Murray I don't develop rollfilm myself at all any more, I've had my fill of spurious issues! I just don't have the patience to do what I know I need to do to get the best results... so I just run it to a lab. They do such a wonderful quick job (same day E6/B&W/C41), and it gives me some pleasure to know that I am contributing to their ongoing operations. Sheet film I do myself, with pleasure!
35 mm usually goes easily for me, but 120 can sometimes be a serious test of patience. I went through 3 rolls of 120 for last year's WPPD and if my return to darkroom work had started like the 1st WPPD roll, I'd probably be all-dig**** today! I finally put the loose film in the tank, put the lid on and went upstairs for a break. I then sacrificed an old roll and tried loading the reel in the light a couple of times to see if I could get any hints. Went back to the darkroom and got the sucker loaded; the next two went easily.
One problem I've found is that if the film isn't quite straight, by the time I realize what's happening, crossing over the reel wires has put some crimps in the film edge that make it even harder to spool. I think I'm getting better with time and practice, but as tac describes, every now and then something gets uncooperative.
I don't have records to identify brands, but some films seem much more tightly curled than others too, that can play havoc. I normally separate the film and backing and start from the taped end. I definitely sense I'm not ready to try 220, but given the limited selection of emulsions in 220, that probably won't be necessary.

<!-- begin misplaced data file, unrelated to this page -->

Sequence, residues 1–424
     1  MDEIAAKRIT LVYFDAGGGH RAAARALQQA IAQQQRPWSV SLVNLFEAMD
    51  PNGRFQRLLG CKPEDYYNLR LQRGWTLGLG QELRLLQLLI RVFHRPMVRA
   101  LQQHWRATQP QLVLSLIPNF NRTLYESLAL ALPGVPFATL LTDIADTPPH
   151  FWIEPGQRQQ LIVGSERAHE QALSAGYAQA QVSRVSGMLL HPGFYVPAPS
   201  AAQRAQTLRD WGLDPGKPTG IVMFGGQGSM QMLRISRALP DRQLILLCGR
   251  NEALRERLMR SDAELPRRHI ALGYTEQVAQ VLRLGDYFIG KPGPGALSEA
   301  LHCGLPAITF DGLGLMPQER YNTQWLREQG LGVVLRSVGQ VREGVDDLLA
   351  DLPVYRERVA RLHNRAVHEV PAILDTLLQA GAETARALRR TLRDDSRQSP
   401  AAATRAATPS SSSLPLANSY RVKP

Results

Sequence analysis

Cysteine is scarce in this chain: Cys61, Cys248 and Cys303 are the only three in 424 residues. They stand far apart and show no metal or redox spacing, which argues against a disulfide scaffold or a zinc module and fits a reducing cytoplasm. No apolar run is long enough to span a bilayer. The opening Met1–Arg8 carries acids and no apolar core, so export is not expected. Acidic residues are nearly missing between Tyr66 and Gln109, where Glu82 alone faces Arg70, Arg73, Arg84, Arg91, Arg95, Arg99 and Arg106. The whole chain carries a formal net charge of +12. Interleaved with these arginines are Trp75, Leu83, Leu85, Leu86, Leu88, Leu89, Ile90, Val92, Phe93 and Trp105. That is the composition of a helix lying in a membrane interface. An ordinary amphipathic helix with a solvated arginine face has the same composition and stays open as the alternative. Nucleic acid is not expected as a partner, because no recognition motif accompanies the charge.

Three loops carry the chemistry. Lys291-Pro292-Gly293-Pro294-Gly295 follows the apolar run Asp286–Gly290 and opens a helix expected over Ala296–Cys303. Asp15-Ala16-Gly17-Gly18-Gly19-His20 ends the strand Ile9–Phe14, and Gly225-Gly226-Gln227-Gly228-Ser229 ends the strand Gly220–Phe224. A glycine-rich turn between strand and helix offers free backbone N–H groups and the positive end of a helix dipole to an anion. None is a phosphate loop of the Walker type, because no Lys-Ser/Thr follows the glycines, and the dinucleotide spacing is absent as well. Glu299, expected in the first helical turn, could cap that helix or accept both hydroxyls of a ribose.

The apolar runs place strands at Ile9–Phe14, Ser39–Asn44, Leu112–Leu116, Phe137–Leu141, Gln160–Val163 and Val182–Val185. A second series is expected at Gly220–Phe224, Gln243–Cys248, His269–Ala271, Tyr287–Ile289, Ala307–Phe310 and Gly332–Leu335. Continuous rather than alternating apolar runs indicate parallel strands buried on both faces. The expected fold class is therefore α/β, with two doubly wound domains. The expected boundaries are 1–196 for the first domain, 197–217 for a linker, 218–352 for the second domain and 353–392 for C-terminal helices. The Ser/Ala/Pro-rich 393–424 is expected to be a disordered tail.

Practice, practice, practice ...
I look forward to doing 120 partly because of the spooling part. 35mm is a pain in the butt for me.
Of all the plastic reels I've played with, the Jobo ones that don't have the little ball-bearing ratchet mechanism work best for me. Also I clip just a tiny bit of each corner on the leading edge. And I'm another advocate for leaving most of the film spooled up in the paper while I work. Without the ratchet, if I feel things are going wonky, I can just pull backwards and sometimes the film with straighten out before it comes all the way off the reel. But I've never tried loading two rolls of 120 onto a single 1500 reel using the silly red clips. That just seems like an accident waiting to happen!
All that said, I don't work in a dark bag. I have a nice, big closet that doubles as equipment storage and film loading room. The top two shelves of a metal shelving unit are dedicated to film loading. This gives me two nice horizontal surfaces for roll and sheet film loading. And since my Jobo uses the magnet drive, I don't have to worry about knocking the tanks off the shelf in the dark!
I do have a couple of SS 120 Hewes reels that I like to use for stand processing. The SS tank is easier to keep a constant temperature by using the tempering bath in my Jobo.
Yashica 635. Loverly camera.
Originally Posted by Murray@uptowngallery
Hell, ,my father could have been CIA or NSA or whatever. Maybe my name isn't what it is?
I use to have beautiful design additions on my 120 film, little half moons up near the film/reel connection point... Practice, practice, practice... (and Kindermanns)
tim in san jose
Last edited by k_jupiter; 05-10-2008 at 10:51 AM. Click to view previous post history.
Reason: speling of corse
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Actually, it works quite well and I did it right the first time -- seems counterintuitive, but its pretty easy to tell when to stop ratcheting the innermost reel and snap down the red tab.
Originally Posted by rwyoung